Service and emotional support animals are commonly seen in many public places, ranging from stores to restaurants to airports. They are becoming more prevalent in the work place as well. Recently, the U.S. Equal Employment Opportunity Commission filed suit in the U.S. District Court for the Middle District of Florida against trucking company CRST Expedited Inc. on behalf of a truck driver trainee who is a veteran with Post Traumatic Stress Disorder. The EEOC alleges that the employer violated the Americans with Disabilities Act (ADA) by refusing to hire the veteran—despite successful completion of the initial training program—because he uses an emotional support dog to manage his PTSD. The Commission also claims the employer failed to discuss other possible job accommodations, and retaliated against the trainee for requesting help with his disability by denying advancement to the new driver orientation and further on-the-road training due to the company’s “no pet policy.” The trainee was subsequently denied hire.
Issues regarding the usage of service animals at work are becoming more common. The EEOC has provided guidance with ADA compliance that discusses the use of service animals as a reasonable accommodation for restaurant and food service employers (https://www.eeoc.gov/facts/restaurant_guide.html). The guide cites FDA Food Code Section 2-403.11, which generally prohibits handling of animals but allows employees to use service animals where food is not being prepared. For example, if the requesting employee works at the cash register as opposed to the kitchen, an employer ought not automatically reject the request for a service animal.
Additionally, at the end of 2016 the Commission issued a resource document entitled “Depression, PTSD, & Other Mental Health Conditions in the Workplace: Your Legal Rights”, to draw more attention to accommodating mental health issues in the workplace. In announcing the publication, the agency states that per the 2016 preliminary data, it “resolved almost 5,000 charges of discrimination based on mental health conditions, obtaining approximately $20 million for individuals with mental health conditions who were unlawfully denied employment and reasonable accommodations.”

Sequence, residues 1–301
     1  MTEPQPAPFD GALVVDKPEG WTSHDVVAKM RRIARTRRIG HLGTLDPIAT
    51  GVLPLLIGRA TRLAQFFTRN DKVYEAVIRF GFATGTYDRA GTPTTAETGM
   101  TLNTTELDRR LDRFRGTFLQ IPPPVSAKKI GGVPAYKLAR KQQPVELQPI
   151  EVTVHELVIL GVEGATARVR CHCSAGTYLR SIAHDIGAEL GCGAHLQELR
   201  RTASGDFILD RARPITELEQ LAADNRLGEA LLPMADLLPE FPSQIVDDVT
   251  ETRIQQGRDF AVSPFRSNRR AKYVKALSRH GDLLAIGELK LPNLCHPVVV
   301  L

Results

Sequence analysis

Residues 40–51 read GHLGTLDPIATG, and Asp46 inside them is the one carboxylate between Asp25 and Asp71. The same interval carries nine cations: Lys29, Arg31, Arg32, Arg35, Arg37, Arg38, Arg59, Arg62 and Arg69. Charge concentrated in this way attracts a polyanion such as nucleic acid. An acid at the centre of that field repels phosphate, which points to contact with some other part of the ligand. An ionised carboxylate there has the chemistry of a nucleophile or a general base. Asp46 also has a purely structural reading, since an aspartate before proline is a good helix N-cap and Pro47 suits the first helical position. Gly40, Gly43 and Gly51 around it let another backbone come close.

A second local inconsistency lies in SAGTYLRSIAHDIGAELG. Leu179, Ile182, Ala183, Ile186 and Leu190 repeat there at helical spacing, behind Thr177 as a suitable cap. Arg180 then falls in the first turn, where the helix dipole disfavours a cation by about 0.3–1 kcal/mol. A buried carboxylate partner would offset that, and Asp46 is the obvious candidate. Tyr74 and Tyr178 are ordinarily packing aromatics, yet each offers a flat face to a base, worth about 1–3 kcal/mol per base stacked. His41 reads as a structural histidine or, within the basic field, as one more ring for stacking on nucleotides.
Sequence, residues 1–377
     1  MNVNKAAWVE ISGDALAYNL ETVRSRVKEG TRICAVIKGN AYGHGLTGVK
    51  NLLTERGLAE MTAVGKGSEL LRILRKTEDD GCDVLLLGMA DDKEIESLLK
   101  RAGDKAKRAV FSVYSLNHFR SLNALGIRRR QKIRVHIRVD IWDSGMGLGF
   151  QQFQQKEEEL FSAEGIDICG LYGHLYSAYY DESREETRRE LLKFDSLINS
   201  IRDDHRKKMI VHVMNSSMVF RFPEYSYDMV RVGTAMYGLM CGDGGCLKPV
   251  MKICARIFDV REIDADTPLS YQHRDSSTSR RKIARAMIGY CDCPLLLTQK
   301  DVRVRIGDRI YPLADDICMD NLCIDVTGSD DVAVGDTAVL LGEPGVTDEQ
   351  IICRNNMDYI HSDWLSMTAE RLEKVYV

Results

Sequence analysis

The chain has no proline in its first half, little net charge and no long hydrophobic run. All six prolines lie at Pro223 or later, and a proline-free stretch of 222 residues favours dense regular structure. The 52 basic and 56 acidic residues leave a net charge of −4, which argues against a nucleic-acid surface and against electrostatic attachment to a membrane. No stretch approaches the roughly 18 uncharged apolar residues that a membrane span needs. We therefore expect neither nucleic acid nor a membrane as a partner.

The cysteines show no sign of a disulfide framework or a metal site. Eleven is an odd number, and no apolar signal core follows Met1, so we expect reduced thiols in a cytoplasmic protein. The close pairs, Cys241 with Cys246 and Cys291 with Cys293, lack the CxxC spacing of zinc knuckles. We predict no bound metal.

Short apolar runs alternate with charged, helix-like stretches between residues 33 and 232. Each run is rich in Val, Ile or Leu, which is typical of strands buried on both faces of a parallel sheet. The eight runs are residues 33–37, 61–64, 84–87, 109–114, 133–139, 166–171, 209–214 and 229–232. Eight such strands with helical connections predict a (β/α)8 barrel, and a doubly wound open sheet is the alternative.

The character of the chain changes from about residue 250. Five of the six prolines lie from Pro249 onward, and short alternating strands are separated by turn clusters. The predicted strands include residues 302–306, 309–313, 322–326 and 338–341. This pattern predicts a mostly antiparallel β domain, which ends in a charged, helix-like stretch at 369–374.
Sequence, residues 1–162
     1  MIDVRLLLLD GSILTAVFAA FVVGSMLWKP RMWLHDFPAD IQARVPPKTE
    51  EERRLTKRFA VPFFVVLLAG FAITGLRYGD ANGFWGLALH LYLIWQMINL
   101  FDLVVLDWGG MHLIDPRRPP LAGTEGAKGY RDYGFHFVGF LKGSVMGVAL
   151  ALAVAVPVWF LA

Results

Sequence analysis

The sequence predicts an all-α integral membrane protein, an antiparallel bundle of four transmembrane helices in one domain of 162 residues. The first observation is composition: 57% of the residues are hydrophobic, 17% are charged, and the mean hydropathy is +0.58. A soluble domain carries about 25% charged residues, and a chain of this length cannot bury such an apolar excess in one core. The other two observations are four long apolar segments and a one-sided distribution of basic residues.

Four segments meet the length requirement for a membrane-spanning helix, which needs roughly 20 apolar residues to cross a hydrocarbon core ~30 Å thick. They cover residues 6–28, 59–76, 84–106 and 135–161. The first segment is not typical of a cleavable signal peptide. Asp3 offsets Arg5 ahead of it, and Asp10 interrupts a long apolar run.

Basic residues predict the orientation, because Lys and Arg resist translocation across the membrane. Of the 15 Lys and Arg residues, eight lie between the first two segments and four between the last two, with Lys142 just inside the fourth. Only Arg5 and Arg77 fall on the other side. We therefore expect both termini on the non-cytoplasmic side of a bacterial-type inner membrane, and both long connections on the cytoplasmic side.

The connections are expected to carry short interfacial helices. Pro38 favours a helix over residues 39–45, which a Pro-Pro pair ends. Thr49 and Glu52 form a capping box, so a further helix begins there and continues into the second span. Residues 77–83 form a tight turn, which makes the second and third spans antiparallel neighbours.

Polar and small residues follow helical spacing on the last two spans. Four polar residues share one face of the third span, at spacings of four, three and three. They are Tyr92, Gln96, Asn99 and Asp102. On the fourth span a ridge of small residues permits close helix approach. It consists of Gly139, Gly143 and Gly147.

Employers should generally handle an employee’s request to use a service animal for assistance with a disability as it would any other accommodation request under the ADA. In other words, the employer should assess the request in the workplace setting, the requesting employee’s disability and job responsibilities, possible alternative reasonable accommodations, as well as other factors. If doing so would create an “undue hardship,” employers do not have to permit an applicant or employee with a disability to use a service animal at work. Title I of the ADA defines “undue hardship” as “an action requiring significant difficulty or expense, when considered in light of the factors set forth in subparagraph (B).” 42 U.S.C. § 12111(10)(A). Subparagraph (B), in turn, provides a non-exhaustive list of relevant factors:
- the nature and cost of the accommodation needed under this chapter;
- (ii) the overall financial resources of the facility or facilities involved in the provision of the reasonable accommodation; the number of persons employed at such facility; the effect on expenses and resources, or the impact otherwise of such accommodation upon the operation of the facility;
- (iii) the overall financial resources of the covered entity; the overall size of the business of a covered entity with respect to the number of its employees; the number, type, and location of its facilities; and
- (iv) the type of operation or operations of the covered entity, including the composition, structure, and functions of the workforce of such entity; the geographic separateness, administrative, or fiscal relationship of the facility or facilities in question to the covered entity. Id. § 12111(10)(B).
In conclusion, while it may be appropriate in some workplaces to permit use of a service animal to accommodate an employee’s mental health condition or disability, in others it may not be.
If you believe you have been the victim of discrimination in the workplace because of a disability or perceived disability, please call us to schedule a consultation at 703-865-7480.